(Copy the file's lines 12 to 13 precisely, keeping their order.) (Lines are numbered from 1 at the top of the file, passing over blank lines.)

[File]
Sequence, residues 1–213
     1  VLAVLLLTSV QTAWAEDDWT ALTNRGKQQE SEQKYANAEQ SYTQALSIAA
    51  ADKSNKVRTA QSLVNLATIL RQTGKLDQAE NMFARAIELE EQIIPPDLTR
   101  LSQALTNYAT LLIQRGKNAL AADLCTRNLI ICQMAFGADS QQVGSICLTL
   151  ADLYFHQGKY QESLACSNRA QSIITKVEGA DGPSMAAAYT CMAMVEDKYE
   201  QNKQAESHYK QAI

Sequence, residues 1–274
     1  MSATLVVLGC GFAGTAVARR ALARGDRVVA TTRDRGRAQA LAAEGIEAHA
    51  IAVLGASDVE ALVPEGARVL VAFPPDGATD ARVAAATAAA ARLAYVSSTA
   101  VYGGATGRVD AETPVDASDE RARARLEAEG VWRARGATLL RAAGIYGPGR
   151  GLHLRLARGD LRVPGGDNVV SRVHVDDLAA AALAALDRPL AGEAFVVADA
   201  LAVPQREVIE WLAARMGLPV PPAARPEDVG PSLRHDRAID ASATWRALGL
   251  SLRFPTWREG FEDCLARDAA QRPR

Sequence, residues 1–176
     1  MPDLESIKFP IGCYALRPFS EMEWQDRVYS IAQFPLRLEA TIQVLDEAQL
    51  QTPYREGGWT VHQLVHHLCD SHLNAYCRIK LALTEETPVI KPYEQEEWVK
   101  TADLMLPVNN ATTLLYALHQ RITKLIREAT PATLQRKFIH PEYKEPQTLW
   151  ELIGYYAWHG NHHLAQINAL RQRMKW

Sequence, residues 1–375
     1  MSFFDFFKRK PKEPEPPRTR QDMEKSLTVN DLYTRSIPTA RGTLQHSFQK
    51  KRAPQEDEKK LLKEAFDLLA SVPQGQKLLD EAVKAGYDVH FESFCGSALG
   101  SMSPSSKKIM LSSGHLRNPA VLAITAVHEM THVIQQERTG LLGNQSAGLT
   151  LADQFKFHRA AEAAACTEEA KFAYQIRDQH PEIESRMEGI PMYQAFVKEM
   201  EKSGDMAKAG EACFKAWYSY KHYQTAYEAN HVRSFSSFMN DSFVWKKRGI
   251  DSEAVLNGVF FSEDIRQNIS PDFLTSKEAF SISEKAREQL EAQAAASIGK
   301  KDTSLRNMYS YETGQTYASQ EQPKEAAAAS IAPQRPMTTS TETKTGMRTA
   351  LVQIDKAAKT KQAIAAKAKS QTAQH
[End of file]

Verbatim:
   201  LAVPQREVIE WLAARMGLPV PPAARPEDVG PSLRHDRAID ASATWRALGL
   251  SLRFPTWREG FEDCLARDAA QRPR